Digital Tip Injuries with Exposed Bone

If a significant loss of tissue to the fingertip causes exposure of the tuft of the distal phalanx, skin grafting will be unsuccessful since bone does not provide adequate vascularity to support the donor tissue. Several treatment options exist, always keeping in mind the important goals of preserving digit length, especially with regard to the thumb and index finger, as well as sensitivity and functionality of the fingertip. The size and geometry of the injury, the angle of tip amputation, and the availability of the amputated tip will determine the options available for wound closure.

If the bony protuberance is less than 0.5 cm in length and the soft tissue defect is less than 1 cm 2, the bone may be trimmed back using a rongeuer and the wound left to heal by secondary intention as previously described. A dorsal obliquely angulated wound ( Fig, 3.9-2..D) may be treated in the ED with bone shortening followed by primary closure of the wound using the adjacent volar tissue. An injury of this type has a favorable prognosis because the sensate volar skin is intact. Fat from the local tissue may need to be trimmed to allow wound closure without tension. The nail should be removed and attention paid to associated injuries to the nail bed and surrounding structures. Although results are comparable to those following conservative management, shortcomings include loss of length as well as tenderness of the fingertip and some degree of functional disability.

FIG. 39-2. Fingertip amputations. A. Volar angulation without bone exposure. B. Volar angulation with bone exposure. C. Transverse or perpendicular angulation with bone exposure. D. Dorsal angulation with bone exposure.[From Russell RC: Fingertip injuries, in McCarthy J (ed): Plastic Surgery. Philadelphia: Saunders, 1990, p 4479, with permission.]

Amputations that are angled either in a transverse or volar direction ( Fig 39:26 and Fig.i39-2C) have less favorable outcomes because they do not always have adequate soft tissue and skin coverage to allow for primary closure and preservation of length. Consultation with a plastic or hand surgeon is necessary, as these injuries often require the use of sophisticated local V-Y advancement or adjacent pedicle flaps to maintain length and provide tissue coverage, a technique beyond the scope of practice by most emergency physicians.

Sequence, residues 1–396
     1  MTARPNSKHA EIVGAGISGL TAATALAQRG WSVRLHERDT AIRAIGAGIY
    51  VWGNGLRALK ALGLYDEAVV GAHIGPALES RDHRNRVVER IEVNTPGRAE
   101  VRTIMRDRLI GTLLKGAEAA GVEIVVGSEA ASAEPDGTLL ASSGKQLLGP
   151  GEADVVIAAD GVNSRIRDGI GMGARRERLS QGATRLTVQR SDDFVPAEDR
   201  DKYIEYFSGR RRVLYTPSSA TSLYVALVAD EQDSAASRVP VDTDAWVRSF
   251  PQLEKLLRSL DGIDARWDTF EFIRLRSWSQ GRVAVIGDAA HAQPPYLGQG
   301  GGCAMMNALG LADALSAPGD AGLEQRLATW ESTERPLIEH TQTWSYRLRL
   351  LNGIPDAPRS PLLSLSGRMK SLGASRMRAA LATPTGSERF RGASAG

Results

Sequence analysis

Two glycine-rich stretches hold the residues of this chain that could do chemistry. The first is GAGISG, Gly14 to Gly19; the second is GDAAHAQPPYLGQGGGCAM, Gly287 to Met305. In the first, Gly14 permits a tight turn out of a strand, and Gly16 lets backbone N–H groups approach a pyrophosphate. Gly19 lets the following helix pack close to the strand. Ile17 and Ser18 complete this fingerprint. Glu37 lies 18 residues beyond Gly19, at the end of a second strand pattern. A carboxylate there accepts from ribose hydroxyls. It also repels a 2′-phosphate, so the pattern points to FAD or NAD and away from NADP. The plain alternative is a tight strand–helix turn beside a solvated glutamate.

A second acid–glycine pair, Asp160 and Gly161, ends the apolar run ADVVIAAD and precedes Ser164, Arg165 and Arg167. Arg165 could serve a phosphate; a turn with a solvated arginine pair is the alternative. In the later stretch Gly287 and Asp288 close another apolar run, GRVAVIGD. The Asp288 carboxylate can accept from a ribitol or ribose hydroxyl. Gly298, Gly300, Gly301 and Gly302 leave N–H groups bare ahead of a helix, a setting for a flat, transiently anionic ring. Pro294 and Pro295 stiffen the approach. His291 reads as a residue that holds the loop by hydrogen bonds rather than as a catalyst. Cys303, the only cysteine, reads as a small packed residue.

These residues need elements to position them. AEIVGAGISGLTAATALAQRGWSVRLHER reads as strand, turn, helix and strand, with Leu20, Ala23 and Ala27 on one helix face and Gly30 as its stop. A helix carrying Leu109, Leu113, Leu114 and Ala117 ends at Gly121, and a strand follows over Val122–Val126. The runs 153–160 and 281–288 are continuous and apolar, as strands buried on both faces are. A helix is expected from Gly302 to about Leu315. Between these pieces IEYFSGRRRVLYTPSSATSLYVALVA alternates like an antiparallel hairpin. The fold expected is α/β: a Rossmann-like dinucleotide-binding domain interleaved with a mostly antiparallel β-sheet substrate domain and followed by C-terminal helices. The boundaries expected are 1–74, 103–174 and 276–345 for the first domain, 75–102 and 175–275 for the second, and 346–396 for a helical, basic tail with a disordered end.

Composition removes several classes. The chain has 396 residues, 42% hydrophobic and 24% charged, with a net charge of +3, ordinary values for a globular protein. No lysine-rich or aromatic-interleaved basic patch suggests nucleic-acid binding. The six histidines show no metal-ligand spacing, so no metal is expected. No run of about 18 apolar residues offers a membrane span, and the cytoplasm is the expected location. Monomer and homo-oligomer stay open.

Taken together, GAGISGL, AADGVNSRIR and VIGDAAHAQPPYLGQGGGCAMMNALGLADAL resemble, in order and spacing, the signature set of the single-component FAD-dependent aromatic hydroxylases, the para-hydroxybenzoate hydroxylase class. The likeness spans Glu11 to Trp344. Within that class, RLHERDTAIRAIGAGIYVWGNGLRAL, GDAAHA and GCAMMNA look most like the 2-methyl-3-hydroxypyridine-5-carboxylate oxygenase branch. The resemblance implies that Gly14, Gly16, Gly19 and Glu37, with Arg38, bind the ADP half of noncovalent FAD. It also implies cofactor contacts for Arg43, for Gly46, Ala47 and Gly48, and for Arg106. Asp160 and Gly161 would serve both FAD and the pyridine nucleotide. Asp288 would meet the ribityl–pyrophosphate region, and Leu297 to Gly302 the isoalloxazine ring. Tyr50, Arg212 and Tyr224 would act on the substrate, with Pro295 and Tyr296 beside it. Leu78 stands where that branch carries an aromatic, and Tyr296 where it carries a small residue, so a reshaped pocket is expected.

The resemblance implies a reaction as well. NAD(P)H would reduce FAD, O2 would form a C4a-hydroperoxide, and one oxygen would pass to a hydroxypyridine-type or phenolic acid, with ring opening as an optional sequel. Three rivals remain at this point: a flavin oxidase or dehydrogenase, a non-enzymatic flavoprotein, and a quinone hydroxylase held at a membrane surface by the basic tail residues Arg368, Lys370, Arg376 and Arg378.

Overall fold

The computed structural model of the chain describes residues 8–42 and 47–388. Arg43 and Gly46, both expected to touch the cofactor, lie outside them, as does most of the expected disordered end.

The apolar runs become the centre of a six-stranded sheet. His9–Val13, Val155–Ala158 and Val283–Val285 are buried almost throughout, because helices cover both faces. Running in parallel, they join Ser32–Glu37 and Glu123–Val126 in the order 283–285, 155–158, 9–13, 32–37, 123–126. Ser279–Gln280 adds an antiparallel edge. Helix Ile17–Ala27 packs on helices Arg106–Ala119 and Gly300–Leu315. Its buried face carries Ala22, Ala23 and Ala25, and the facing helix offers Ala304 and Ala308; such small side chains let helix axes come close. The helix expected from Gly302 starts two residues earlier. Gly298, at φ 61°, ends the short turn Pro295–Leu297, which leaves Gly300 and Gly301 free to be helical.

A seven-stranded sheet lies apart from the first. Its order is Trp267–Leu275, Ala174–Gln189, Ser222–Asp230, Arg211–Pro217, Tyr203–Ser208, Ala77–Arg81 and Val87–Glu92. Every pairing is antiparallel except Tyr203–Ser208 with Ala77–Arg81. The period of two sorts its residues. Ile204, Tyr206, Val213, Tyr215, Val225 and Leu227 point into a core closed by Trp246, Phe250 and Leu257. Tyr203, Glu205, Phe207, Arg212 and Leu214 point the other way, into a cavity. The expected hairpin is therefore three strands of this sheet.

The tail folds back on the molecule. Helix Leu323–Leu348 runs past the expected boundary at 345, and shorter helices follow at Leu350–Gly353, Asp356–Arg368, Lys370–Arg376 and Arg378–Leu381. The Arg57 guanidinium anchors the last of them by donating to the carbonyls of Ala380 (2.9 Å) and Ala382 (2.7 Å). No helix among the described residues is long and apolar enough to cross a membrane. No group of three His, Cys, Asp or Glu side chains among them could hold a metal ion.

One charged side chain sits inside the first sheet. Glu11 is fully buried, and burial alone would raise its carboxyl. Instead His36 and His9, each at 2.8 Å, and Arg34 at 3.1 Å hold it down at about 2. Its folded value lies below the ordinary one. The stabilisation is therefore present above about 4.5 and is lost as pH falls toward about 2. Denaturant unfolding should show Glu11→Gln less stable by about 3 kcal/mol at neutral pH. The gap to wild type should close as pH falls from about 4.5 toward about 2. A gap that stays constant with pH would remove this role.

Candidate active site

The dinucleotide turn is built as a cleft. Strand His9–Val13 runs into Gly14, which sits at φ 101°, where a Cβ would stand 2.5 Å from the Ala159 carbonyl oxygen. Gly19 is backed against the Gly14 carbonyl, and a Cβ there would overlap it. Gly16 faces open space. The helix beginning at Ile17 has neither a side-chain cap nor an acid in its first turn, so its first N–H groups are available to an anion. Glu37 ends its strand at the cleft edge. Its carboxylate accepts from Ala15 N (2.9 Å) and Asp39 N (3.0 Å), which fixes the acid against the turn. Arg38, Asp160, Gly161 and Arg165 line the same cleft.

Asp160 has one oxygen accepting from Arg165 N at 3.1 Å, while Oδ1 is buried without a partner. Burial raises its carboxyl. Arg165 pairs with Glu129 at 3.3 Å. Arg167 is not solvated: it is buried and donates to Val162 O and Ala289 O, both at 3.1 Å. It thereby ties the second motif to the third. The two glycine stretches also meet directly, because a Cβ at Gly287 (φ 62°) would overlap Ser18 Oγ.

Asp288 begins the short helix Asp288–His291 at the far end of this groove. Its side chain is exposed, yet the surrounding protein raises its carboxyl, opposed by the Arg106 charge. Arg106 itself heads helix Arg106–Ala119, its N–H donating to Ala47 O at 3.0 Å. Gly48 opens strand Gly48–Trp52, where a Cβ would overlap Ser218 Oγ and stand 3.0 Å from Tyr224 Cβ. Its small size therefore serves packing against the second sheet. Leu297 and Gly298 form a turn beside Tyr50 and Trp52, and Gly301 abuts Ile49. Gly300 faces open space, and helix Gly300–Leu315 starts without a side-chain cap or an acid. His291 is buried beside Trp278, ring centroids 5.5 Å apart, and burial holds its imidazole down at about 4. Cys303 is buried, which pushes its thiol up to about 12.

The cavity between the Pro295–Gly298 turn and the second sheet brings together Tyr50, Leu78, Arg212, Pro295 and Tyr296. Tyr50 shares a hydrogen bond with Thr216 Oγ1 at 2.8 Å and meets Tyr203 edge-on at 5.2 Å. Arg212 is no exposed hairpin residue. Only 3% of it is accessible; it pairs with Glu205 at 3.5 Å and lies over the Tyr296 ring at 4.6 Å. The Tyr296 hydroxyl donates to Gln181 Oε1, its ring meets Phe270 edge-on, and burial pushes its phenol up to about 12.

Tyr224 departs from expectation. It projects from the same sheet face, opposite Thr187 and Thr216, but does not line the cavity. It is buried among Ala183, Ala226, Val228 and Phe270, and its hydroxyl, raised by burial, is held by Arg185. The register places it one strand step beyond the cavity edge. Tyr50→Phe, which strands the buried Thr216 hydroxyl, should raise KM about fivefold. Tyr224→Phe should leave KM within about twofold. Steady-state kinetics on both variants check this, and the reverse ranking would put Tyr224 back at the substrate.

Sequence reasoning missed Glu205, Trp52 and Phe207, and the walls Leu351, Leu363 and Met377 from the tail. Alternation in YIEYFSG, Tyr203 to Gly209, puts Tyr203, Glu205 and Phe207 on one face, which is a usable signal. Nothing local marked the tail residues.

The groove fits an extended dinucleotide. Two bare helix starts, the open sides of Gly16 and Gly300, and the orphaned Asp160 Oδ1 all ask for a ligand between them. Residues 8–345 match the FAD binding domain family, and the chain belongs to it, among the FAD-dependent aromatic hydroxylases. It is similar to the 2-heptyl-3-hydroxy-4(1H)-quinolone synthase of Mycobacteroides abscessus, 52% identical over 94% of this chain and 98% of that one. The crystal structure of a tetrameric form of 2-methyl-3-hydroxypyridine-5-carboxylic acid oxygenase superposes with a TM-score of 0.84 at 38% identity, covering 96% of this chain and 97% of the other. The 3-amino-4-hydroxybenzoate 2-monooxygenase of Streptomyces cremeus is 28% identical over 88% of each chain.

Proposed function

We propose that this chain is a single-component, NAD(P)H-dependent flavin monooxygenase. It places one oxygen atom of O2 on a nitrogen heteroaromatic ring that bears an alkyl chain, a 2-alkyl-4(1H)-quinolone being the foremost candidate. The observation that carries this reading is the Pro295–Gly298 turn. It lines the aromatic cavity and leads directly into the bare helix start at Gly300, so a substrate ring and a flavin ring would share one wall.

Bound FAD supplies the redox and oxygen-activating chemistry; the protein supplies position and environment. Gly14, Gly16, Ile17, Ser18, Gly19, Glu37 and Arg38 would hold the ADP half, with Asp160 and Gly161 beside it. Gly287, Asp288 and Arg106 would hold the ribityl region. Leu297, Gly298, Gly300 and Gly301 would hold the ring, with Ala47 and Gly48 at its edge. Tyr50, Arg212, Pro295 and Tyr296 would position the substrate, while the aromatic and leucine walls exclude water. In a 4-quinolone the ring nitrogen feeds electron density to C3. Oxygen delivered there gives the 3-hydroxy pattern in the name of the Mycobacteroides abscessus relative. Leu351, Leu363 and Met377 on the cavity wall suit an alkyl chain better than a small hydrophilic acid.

Incomplete digital tip amputations, defined by the retention of the neurovascular bundle as well as portions of the underlying bone, may be replaced as a composite graft. However, as reported in the literature, these are among the most difficult injuries to reconstruct and require consultation with a specialist. If adequate circulation is retained in the tip, the injury is treated with fracture reduction, internal pin fixation, and repair of the soft tissue injury. This procedure is optimally performed in the operating room.

In all patients with a complete amputation that occurs proximal to the lunula, consultation with the hand or plastic surgeon is recommended for possible replantation in the operating room. Conversely, in the adult patient, replantation of a complete amputation distal to the lunula is not usually advocated. This is because the procedure is technically demanding owing to the arborization of the neurovascular bundle at this location, and it carries a poor prognosis. However, consultation with the surgical specialist is clearly indicated in all patients with specific occupational concerns and when the injured digit is the thumb or index finger.

Although fingertip injuries are quite common in children, most require only conservative management because of the rapid healing process. Repairs should be done using absorbable sutures. Surgical procedures such as grafts and advancement flaps should be avoided where possible. A completely amputated composite tip may be reattached to serve solely as a biological dressing, and parents should be informed that the tip might necrose, dry up, and turn black as the underlying wound continues to heal. However, in children less than 6 years of age, replantation and revascularization of the composite tip may be a viable treatment option performed by the surgical specialist.

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